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" The Irrawaddy is very popular with Burmese readers."
First magazine available in Myanmar
Irrawaddy magazine has spent most of his lifetime treating Myanmar from afar. Back then it was not possible for them to speak frankly in their own land, also known as Burma. There has been a great change over the past year, and this week-end will see the first release of the Irrawaddy magazine on the Myanmar street.
For Kyaw Zwa Moe, Irrawaddy journalist, it is an important moment: "I look forward to seeing our local readership read Irrawaddy magazine in a legal and open manner for the first a year. This will be a very thrilling and beautiful occasion for me," he said when I went to see him this weekend at the Irrawaddy in Chiang Mai, Thailand.
Until recently, any kind of openly reported culture in the Philippines - whether in exiles or elsewhere - was also inconceivable. Throughout 50 years, the countryside was ruled by state monuments such as Myanmar's New Light and weeklies under the difficult hands of the censor. Indeed, many of Irrawaddy's Chiang Mai offices are empty because most of the employees have relocated to Yangon, Myanmar's number-one town.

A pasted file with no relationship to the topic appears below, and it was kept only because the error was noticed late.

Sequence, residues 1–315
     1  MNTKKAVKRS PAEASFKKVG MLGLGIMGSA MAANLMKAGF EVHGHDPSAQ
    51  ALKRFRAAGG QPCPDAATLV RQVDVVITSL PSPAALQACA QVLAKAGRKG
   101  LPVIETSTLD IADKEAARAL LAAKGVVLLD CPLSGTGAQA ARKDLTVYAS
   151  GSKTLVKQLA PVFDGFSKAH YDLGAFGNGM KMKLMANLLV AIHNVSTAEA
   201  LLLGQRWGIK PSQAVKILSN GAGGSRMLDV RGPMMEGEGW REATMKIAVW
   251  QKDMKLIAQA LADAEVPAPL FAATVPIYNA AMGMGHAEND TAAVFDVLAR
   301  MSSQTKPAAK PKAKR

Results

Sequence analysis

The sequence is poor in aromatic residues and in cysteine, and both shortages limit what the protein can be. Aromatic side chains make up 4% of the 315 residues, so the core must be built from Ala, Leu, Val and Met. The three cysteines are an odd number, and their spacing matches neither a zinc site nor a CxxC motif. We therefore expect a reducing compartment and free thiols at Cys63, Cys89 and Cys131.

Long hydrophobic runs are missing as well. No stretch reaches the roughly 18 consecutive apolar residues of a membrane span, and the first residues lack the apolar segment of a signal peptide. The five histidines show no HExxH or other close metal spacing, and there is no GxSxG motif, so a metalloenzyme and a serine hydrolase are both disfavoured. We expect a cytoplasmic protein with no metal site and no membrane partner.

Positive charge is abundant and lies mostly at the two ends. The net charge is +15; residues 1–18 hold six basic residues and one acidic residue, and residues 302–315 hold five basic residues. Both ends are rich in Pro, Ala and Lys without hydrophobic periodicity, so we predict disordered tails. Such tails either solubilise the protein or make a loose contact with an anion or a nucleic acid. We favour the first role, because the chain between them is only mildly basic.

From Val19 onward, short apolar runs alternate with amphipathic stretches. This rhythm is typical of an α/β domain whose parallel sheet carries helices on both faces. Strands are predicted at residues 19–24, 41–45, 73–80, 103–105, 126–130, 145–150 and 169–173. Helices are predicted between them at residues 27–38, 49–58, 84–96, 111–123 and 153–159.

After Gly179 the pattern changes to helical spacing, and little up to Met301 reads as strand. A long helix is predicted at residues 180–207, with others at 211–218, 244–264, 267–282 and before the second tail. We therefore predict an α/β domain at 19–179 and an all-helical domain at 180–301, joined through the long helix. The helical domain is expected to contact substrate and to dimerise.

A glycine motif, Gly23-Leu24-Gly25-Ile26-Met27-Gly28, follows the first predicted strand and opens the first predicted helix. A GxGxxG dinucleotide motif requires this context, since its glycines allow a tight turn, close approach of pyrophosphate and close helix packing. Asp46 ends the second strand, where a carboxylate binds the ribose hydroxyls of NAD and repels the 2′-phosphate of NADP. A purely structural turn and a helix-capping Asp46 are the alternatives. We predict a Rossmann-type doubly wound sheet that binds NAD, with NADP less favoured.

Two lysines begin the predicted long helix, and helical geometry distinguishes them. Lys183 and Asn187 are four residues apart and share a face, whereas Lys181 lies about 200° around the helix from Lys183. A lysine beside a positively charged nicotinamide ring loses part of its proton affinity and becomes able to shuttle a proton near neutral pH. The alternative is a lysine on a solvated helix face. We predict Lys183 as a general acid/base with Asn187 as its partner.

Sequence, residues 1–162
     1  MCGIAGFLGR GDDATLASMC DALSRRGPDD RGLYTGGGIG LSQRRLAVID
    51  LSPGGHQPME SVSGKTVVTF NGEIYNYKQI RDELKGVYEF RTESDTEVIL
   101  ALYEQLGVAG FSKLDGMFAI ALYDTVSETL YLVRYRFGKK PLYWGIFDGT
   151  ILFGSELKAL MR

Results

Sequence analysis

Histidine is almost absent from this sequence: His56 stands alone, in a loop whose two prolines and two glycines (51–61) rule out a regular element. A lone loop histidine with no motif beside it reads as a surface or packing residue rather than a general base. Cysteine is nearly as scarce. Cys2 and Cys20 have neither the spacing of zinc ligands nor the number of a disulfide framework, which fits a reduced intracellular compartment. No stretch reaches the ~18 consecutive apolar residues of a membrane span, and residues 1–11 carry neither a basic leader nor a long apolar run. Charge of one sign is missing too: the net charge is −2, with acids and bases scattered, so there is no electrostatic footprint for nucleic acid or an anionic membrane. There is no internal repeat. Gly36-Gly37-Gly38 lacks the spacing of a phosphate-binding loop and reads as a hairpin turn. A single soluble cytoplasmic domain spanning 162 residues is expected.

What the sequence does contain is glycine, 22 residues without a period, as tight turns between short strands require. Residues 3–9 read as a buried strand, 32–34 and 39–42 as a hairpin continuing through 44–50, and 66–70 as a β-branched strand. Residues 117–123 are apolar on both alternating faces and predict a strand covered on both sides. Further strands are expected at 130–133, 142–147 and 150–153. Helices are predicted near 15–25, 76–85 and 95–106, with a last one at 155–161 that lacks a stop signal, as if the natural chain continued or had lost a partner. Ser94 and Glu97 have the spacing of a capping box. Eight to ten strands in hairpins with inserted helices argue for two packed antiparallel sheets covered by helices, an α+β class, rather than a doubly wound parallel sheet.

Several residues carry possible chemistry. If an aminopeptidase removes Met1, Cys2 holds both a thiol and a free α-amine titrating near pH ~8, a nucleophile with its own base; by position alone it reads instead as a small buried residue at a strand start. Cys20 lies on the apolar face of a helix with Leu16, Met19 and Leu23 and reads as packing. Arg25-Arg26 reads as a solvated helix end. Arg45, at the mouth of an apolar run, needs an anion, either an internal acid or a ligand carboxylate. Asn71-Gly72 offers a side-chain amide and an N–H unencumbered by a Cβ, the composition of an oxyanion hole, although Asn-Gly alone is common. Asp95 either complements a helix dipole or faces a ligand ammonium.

"Now I think we have 20 men in a small agency. Kyaw Zwa Moe laughs, "The agency is pretty full. Another exiled work on the other side of Chiang Mai, Mizzima, was visited by a similar skeletal garrison who held the fortress. Myanmar in August has ceased to censor Myanmar but observers say there is a way between here and media freedoms.
For the first year in 12 years, he was back to cover Aung San Suu Kyi's drive to promote a small community outside Yangon. It was a pleasure for him to see this liberty among Christians and also among the interviewees. "In fact, I actually still recall that I was interviewing an old girl who said that she was the oldest girl in the town.
Now Irrawaddy, Mizzima and other major news businesses are under unprecedented pressures elsewhere in Myanmar to make a return in an overcrowding.